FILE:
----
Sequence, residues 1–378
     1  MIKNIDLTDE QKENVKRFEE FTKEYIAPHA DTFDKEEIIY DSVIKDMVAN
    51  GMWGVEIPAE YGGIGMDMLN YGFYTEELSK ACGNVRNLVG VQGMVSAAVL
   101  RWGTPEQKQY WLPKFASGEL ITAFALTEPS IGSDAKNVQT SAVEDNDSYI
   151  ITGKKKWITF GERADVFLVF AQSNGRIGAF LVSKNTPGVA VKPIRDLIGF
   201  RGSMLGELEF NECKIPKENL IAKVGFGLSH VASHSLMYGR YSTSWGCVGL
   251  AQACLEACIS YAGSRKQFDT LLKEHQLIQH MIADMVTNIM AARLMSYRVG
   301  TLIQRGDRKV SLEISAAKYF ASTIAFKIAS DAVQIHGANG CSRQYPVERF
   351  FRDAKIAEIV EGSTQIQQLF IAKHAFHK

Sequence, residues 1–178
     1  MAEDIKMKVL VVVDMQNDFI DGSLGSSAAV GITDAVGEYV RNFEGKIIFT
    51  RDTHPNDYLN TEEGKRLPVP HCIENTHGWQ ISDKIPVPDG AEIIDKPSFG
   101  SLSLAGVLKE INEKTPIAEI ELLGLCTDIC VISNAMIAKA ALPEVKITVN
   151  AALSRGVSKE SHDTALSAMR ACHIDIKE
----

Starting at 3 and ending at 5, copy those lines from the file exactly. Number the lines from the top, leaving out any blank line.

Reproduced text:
    51  GMWGVEIPAE YGGIGMDMLN YGFYTEELSK ACGNVRNLVG VQGMVSAAVL
   101  RWGTPEQKQY WLPKFASGEL ITAFALTEPS IGSDAKNVQT SAVEDNDSYI
   151  ITGKKKWITF GERADVFLVF AQSNGRIGAF LVSKNTPGVA VKPIRDLIGF